Originally published on 6/26/20.
Please read our full statement here.
Moving forward, we will use this space to provide updates about the follow-up to our commitments. We understand that our words are only as valuable as our actions. Therefore, we intend to make substantive changes in our behavior, our practices, and how we support our broader community to contribute to meaningful solutions to systemic racial inequality. We commit to:
- To examine our own implicit biases and how they impact our practices and processes.
- To contribute our time and money to organizations working to correct injustice, end violence, and to provide opportunities to Black people and people of color.
- To be accountable to ourselves and our coffee community to share our progress.
To start, we've reflected internally on our actions and considered our sphere of influence. Each small team at Atlas met to discuss our thoughts and hopes about racial equity at our company and in the specialty coffee industry, and we then formed a working group and sub-groups to make progress on the following actions:
- Internal education such as implicit bias and anti-racism training
- External education for coffee professionals, including the role of colonialism on supply chains
- We've started with internal education with academics such as Erika Koss (read her article "Coffee & Colonialism 101" in Barista Magazine's September 2020 Issue) and Dr. Sarah Grant.
- Increasing representation and amplifying BIPOC coffee professionals' voices by providing development opportunities and partnering with organizations already working to promote racial equity in specialty coffee.
- Other ongoing efforts include an internal "Racial Equity Multi-Media Club," community service projects, and work to support our BIPOC roaster clients further.
Here are some of the things that we are reading, watching, and listening to now to learn from and support Black voices in specialty coffee:
- Michelle Johnson's "Building Diverse and Inclusive Communities" at Re:co in Seattle, 2018, and as always, following The Chocolate Barista, where she focuses on "the promotion of racial diversity and inclusivity in the specialty coffee industry one black cup at a time."
- Black coffee podcasts on Spotify compiled by Kendra Sledzinski
- "Strong Black Coffee" by Phyllis Johnson and her new book The Triumph: Black Brazilians in Coffee.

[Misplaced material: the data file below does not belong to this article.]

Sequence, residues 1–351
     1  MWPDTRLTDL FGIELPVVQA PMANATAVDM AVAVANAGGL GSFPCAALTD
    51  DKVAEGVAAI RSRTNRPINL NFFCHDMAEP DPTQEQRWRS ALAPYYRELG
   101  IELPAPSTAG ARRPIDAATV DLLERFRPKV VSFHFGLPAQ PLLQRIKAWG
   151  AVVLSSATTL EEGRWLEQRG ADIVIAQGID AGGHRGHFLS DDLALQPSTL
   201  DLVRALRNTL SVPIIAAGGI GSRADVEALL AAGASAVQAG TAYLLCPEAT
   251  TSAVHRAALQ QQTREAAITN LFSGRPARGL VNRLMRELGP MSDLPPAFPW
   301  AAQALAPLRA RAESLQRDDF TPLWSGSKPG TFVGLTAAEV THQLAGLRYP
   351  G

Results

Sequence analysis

- Royal Coffee's "Race and Specialty Coffee" webinar, led by Candice Madison and Phyllis Johnson
- These inspiring 2020 US Coffee Championships performances by Independent USBrC competitor Kristina Jackson (video from Nashville Qualifiers) and USBC competitors Adam JacksonBey for Tell Coffee, Michelle Johnson for Red Bay Coffee, and USBC Finalist Anthony Ragler of Black & White Coffee Roasters!
- Episode 4 of the SCA's Roundtable Series: Black CEOs in specialty coffee had a coffee-focused conversation around the Black Lives Matter movement, their experiences as Black professionals in the coffee sector, and what work is required to dismantle systemic racism in the coffee space and the wider culture.
- Coffee People Zine's Issue 10, featuring work exclusively by Black creatives in the coffee community; Executive Editor Korie "KP" Pickett.
Here are some ways that you can support Black voices in specialty coffee:
- Gather your coffee equipment for Getchu Some Gear: Donating Coffee Gear to Marginalized Baristas
- Explore Sprudge's Support These Black-Owned Coffee Businesses, "an updating list of Black-owned coffee businesses you can support now" and Support These Black-Owned Coffee Fundraisers.
- Engage with the Coffee Coalition for Racial Equity, "the coffee industry's accountability partners in advancing efforts towards racial equity," and participate in a webinar.
Please share your feedback and recommendations to email@example.com.